Filed in Book reviews.
Last week I ordered Conversation: A History of a Declining Art by Stephen Miller from Amazon. I’d heard the author interviewed by Phillip Adams on Late Night Live and it sounded interesting. Today I read Steve Denning’s stinging review which I thoroughly enjoyed. Denning didn’t like Miller’s inability to clearly make the case for declining conversations; his arguments lacked evidence according to Denning.
Denning, presumably based on Miller’s book, makes a number of useful observations about good conversation which are worth remembering when we sit down next to our next friendly chat.
- an open-minded exploration of multiple viewpoints makes for a good conversation
- a single-minded attempt to destroy others’ ideas kills conversations
- good conversations include amusing banter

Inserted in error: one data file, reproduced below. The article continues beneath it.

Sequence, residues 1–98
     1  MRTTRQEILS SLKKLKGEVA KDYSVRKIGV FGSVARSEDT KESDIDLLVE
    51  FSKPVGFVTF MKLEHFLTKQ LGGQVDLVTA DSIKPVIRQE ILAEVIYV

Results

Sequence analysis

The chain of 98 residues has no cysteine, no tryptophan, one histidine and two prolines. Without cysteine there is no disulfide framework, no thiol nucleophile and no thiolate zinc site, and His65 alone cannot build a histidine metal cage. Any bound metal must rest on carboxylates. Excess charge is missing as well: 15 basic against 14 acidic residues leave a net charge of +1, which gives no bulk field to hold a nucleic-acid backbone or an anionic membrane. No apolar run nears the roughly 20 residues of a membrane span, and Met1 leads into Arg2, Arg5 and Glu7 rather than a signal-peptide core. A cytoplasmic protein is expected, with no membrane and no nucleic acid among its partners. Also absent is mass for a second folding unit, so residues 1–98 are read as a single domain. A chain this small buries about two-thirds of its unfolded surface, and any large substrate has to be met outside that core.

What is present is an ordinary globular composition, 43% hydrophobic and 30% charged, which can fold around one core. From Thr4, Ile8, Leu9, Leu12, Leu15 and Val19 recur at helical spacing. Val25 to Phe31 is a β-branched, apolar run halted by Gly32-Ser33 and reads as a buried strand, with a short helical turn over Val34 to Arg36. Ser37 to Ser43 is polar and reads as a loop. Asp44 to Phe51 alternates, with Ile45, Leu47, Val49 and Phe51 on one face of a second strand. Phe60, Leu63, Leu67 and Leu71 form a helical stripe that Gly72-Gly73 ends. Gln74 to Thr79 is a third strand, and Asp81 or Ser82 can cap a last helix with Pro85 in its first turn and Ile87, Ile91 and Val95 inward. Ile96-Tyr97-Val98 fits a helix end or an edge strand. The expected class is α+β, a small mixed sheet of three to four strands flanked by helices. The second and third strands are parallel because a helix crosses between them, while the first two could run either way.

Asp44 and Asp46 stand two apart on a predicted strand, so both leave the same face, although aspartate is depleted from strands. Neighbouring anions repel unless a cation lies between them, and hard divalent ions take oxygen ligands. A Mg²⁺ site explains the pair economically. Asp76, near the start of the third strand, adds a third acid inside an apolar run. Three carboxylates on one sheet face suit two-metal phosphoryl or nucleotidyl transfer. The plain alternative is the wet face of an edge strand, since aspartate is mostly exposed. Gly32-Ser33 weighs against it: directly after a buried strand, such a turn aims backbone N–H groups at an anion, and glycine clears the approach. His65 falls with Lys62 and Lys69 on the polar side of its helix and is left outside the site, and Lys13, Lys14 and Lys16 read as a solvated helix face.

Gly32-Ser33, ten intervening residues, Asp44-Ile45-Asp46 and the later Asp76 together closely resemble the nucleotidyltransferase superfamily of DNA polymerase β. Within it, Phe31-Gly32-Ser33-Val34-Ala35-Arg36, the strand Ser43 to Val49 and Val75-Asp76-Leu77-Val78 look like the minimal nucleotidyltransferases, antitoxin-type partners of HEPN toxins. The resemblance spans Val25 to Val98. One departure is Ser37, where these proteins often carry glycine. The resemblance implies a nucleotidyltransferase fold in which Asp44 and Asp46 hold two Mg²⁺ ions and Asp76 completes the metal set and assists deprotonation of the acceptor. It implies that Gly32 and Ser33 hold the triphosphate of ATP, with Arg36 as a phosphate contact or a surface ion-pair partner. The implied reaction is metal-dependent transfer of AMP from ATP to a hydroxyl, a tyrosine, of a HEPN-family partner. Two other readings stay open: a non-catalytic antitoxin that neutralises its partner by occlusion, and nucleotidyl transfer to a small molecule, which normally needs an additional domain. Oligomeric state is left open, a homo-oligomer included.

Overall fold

- conversation works best among equals
- conversations have been a rare phenomenon
This is a timely topic for me because in one hour I will be recording a podcast with Patrick Lambe, Nancy White, Matthew Moore and Kaye Vivian where we plan to have a series of informal conversations on knowledge management related topics. I’ll let you know how we go.
I would also say that I have noticed that people in organisation rarely seem to have (or make) the time for conversation. Most talking is done to achieve a task which must reduce the ability for people to explore new ideas, innovate and revitalise their thinking.